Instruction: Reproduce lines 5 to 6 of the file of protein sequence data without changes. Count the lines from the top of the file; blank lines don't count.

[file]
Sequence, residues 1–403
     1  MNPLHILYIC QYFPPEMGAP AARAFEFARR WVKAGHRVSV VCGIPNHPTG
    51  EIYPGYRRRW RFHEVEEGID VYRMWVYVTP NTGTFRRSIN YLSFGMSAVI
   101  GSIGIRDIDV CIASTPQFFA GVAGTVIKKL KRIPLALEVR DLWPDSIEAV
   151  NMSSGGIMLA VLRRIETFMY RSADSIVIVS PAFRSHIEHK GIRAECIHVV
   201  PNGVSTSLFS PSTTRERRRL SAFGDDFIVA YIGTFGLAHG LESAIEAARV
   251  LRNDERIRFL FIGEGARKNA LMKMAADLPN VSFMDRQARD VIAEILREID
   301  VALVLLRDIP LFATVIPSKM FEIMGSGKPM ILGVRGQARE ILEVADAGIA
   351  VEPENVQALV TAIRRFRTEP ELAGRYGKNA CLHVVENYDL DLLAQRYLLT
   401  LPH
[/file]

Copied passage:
   151  NMSSGGIMLA VLRRIETFMY RSADSIVIVS PAFRSHIEHK GIRAECIHVV
   201  PNGVSTSLFS PSTTRERRRL SAFGDDFIVA YIGTFGLAHG LESAIEAARV